Qualcomm Technologies recently announced a HMD Accelerator Program (HAP) to help VR device manufacturers quickly develop premium standalone VR HMDs. At the core of this program is the standalone VR HMD reference design. It goes beyond a simple prototype device, offering a detailed reference design that allows manufacturers to apply their own customizations while utilizing our engineering, design, and experience in VR. The reference design is engineered to minimize software changes, hardware issues, and key component validation.

- Hugo Swart, Qualcomm Atheros, Inc.

As part of this venture, and to continue pushing the VR industry forward to more advanced capabilities like XR (extended reality, a merger of VR and AR), Qualcomm is announcing agreements with key component vendors aiming to tighten and strengthen the VR headset ecosystem.

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Hugo Swart, Senior Director, Product Management, Qualcomm Atheros, Inc.

Ximmerse has built a high-precision and drift-free controller for VR applications that offers low latency input and 3DoF (3 degrees of freedom) capability. This can “provide just about any interaction, such as pointing, selecting, grabbing, shooting, and much more. For precise 6 DoF positional tracking of your head, tight integration is required between the sensor fusion processing (Snapdragon) and the data from both the camera and inertial sensors.”

Bosch Sensortec has the BMX055 absolute orientation sensor that performs the function that its name would imply: precisely locating the user in the real world and tracking movement via accelerometer, gyroscope, and magnetometer.

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Finally, OmniVision integrates the OV9282 which is a 1MP high speed shutter image sensor for feature tracking.

These technologies, paired with the work Qualcomm has already done for the Snapdragon 835 VR Development Kit, including on the software side, is an important step to the growth of this segment of the market. I don’t know of anyone that doesn’t believe standalone, wireless headsets are the eventual future of VR and AR and the momentum created by Qualcomm, Google, and others continues its steady pace of development.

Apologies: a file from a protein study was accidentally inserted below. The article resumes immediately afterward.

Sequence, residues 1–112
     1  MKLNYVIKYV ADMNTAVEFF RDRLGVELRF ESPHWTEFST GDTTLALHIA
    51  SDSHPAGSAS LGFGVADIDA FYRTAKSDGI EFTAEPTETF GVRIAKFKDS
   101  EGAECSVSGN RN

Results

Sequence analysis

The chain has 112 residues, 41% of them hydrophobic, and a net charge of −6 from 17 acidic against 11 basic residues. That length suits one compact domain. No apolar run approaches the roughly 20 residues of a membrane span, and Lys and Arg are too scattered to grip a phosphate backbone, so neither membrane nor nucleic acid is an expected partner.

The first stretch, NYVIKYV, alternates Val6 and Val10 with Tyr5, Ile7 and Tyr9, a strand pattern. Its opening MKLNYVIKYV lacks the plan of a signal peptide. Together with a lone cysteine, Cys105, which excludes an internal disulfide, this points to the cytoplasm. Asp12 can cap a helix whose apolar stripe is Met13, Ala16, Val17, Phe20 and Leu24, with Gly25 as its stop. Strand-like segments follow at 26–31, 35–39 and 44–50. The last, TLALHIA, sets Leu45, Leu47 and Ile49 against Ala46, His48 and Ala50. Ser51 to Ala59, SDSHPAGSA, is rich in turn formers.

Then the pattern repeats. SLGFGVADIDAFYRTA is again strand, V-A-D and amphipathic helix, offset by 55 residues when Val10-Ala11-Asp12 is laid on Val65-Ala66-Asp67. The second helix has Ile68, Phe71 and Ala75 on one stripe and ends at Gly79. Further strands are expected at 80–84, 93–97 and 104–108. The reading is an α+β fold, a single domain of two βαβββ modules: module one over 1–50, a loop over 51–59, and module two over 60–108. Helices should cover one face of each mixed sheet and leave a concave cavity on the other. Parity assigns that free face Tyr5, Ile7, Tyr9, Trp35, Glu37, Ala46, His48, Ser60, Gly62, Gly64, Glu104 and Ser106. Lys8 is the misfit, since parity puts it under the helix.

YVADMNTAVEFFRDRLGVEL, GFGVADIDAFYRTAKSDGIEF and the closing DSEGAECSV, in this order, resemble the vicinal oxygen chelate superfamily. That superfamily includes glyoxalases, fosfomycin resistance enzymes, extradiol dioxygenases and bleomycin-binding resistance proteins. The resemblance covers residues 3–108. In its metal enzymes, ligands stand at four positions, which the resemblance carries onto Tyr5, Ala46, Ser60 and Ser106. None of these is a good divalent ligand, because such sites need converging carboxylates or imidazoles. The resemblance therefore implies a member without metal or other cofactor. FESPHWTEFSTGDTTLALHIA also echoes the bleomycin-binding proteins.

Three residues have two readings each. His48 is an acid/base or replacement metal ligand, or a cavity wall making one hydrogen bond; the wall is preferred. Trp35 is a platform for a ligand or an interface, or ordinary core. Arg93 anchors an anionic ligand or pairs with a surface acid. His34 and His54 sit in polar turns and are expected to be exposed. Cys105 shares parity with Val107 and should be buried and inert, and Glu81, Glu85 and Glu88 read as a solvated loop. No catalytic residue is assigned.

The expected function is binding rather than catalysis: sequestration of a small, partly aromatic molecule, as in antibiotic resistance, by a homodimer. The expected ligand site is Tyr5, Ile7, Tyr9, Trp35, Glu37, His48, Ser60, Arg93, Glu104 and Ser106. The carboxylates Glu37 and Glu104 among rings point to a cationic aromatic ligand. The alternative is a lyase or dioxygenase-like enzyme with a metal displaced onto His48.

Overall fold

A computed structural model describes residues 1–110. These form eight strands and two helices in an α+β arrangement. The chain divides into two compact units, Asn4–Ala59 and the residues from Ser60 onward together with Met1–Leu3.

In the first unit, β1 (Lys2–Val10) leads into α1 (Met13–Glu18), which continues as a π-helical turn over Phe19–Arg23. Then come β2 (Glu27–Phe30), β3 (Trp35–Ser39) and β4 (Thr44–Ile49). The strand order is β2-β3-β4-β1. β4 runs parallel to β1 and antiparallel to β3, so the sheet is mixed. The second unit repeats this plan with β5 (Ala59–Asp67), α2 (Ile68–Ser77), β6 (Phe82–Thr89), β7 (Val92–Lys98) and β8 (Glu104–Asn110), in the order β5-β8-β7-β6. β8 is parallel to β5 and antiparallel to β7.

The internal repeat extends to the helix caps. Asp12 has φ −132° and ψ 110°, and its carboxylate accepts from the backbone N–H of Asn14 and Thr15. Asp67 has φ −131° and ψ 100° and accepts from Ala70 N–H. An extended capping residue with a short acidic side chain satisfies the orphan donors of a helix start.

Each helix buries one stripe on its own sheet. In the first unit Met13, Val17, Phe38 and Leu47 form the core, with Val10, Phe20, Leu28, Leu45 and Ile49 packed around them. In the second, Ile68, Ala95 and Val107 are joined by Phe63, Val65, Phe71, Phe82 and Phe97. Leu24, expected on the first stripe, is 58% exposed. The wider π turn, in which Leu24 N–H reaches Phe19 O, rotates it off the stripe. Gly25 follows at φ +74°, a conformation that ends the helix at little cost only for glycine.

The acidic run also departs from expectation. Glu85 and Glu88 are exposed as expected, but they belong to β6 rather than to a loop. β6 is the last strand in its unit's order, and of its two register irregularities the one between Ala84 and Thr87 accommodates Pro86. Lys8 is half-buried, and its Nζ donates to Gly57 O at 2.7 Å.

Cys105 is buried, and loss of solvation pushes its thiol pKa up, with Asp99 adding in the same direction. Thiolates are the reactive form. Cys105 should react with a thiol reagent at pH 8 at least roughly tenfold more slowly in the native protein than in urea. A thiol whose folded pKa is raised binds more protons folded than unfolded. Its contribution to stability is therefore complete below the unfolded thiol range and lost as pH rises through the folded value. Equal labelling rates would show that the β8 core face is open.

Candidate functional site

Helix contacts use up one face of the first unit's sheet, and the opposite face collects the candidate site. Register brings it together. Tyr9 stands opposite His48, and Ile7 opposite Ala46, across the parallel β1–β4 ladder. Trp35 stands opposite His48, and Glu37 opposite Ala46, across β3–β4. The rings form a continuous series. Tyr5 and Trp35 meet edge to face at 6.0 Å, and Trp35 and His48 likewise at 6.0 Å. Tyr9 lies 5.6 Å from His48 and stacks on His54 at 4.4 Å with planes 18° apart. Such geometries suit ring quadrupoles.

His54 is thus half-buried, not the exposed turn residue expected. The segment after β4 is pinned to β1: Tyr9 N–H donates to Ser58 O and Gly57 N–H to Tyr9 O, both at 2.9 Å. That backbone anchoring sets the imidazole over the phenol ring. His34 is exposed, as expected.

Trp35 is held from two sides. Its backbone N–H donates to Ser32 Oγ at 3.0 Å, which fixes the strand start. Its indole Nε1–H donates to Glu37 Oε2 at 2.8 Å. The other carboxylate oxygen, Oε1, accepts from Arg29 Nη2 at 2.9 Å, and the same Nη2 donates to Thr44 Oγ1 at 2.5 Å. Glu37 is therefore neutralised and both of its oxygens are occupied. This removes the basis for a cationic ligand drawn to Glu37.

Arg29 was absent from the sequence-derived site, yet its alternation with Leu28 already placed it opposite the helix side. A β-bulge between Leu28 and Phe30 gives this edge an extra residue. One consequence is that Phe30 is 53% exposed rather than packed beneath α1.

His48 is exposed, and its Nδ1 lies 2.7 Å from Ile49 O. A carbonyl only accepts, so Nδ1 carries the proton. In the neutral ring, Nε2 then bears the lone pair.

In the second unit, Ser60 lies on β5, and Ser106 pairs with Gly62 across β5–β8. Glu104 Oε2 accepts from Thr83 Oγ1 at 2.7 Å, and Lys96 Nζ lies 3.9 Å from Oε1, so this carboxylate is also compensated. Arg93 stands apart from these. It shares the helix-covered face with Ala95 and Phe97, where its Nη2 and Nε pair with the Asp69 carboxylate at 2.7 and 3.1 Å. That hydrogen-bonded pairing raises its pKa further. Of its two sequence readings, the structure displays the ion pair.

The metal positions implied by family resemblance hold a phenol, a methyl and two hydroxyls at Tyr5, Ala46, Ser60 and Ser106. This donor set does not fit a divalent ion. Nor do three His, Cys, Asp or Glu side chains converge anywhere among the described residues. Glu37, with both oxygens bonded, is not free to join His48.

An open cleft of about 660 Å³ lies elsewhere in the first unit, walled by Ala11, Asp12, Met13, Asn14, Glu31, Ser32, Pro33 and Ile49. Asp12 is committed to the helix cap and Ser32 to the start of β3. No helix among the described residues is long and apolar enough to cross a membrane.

Source: Qualcomm

Go west young researcher! AMD's Radeon Vega Frontier Edition is available now

Subject: Graphics Cards | June 27, 2017 - 06:51 PM |
Tagged: Vega FE, Vega, HPC, amd

AMD have released their new HPC card, the Radeon Vega Frontier Edition, which Jim told you about earlier this week.  The air cooled version is available now, with an MSRP of $999USD followed by a water-cooled edition arriving in Q3 with price tag of $1499.

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The specs they list for the cards are impressive and compare favourably to NVIDIA's P100 which is the card AMD tested against, offering higher TFLOPS for both FP32 and FP16 operations though the memory bandwidth lags a little behind.

  Radeon Vega
Frontier Edition
Quadro GP100
GPU Vega GP100
Peak/Boost Clock 1600 MHz 1442 MHz
FP32 TFLOPS (SP) 13.1 10.3
FP64 TFLOPS (DP)

0.819

5.15
Memory Interface 1.89 Gb/s
2048-bit HBM2
1.4 Gbps
4096-bit HBM2
Memory Bandwidth 483 GB/s 716 GB/s
Memory Size 16GB HBC* 16GB
TDP 300 W air, 375 W water 235 W

The memory size for the Vega is interesting, HBC is AMDs High Bandwidth Cache Controller which not only uses the memory cache more effectively but is able to reach out to other high performance system memory for help.  AMD states that the Radeon Vega Frontier Edition has the capability of expanding traditional GPU memory to 256TB; perhaps allowing new texture mods for Skyrim or Fallout!  Expect to see more detail on this feature once we can get our hands on a card to abuse, nicely of course.